Nurith Aizenman
Nurith Aizenman, photographed for NPR, 11 March 2020, in Washington DC.
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Nurith Aizenman

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Thursday

Wednesday

In Africa, world health officials roll out first routine malaria vaccine

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Monday

Anthropologist Carla Handley, center, meets with Wario Bala, right, to present the results of a DNA study she conducted seven years ago in his community in northern Kenya. Rebecca Siford hide caption

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Rebecca Siford

If you donate DNA, what should scientists give in return? A 'pathbreaking' new model

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Wednesday

Left to right: Alexis Mukwedi tested positive for sleeping sickness in the Democratic Republic of the Congo. A sandfly, whose bite can spread the parasite causing visceral leishmaniasis, lands on the photographer for a blood meal. A woman in Vietnam receives an eye exam to see if she has trachoma, which can cause blindness. Last year several countries eliminated the threat from this disease. Xavier Vaheed-DNDi, James Gathany/CDC, AFP via Getty Images hide caption

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Xavier Vaheed-DNDi, James Gathany/CDC, AFP via Getty Images

Some overlooked good news from 2023: Six countries knock out 'neglected' diseases

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Sunday

Several countries made progress in disease elimination this year

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Thursday

A 2017 meeting of a rotating savings club formed in a village near Lake Victoria soon after every adult there was chosen to receive a monthly through GiveDirectly's experiment. The clubs have enabled recipients to convert their grants into lump sum payments: Each month the members put $10 into the communual pot — for a total of $100 — and a different person takes it home. Nichole Sobecki for NPR hide caption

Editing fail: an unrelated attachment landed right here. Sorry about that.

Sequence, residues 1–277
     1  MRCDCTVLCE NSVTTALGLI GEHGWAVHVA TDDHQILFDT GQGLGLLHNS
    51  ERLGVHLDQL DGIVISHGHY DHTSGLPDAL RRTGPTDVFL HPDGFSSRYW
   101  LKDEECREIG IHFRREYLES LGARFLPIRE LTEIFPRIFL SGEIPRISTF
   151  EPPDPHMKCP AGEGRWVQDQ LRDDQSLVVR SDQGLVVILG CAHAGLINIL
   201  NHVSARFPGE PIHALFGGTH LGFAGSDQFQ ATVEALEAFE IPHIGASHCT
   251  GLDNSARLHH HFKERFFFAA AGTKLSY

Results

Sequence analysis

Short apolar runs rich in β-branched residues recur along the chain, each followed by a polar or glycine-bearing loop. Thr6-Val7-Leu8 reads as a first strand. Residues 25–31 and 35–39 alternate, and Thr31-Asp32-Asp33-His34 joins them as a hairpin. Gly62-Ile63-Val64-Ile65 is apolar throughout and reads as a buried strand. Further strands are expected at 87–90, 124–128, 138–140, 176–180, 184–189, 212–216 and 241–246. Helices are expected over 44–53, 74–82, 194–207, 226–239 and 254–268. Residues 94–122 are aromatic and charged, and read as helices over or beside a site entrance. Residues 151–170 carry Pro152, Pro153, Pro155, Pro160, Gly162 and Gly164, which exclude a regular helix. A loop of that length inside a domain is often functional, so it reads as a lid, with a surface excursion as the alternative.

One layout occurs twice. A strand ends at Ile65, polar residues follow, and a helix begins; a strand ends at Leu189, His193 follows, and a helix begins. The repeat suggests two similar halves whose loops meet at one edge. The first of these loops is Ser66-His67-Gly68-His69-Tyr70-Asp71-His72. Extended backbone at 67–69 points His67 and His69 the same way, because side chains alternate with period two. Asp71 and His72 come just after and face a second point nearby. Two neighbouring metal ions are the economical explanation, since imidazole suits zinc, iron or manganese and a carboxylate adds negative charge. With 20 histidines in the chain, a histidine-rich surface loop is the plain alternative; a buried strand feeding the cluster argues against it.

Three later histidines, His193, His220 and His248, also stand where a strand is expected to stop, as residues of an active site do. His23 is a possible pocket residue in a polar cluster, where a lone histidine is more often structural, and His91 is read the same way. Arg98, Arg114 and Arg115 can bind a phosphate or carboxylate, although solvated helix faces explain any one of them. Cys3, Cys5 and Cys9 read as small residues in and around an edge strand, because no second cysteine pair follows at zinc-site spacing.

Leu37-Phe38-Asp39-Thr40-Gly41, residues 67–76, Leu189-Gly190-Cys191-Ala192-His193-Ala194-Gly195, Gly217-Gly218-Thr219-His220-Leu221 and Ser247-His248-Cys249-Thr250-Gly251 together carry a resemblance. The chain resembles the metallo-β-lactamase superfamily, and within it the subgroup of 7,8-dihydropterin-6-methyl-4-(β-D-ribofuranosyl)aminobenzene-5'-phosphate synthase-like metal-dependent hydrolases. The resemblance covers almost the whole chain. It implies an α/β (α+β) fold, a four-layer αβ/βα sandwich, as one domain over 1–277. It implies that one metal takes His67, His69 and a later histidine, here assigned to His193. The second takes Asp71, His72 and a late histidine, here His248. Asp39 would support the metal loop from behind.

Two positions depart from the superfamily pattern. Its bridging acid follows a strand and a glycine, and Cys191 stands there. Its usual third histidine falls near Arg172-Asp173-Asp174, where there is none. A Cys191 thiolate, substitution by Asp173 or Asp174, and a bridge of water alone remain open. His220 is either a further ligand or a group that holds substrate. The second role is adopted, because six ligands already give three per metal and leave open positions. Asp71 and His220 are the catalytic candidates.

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Nichole Sobecki for NPR

It's one of the biggest experiments in fighting global poverty. Now the results are in

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Tuesday

People can do more with lump sum of money than payments, experiment in Kenya suggests

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Wednesday

As life under climate change grows more difficult, one group says cash aid can help

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Tuesday

The aftermath of a mudslide that ripped through villages on the foothills of Mount Elgon in 2012, killing at least 18 people. The slopes of this extinct volcano in eastern Uganda have become increasingly prone to such disasters as a result of climate change. The looming question: How do you help people find a safe new place to live? Isaac Kasamani/AFP via Getty Images hide caption

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Isaac Kasamani/AFP via Getty Images

Why villagers haven't left mudslide-prone mountain — and how a novel plan might help

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Tuesday

Wednesday

Joyce Mutisya, 71, outside her home in Wote, Kenya. For years she's struggled with symptoms of dementia. But she didn't realize it was a condition for which she could seek professional help. Claire Harbage/NPR hide caption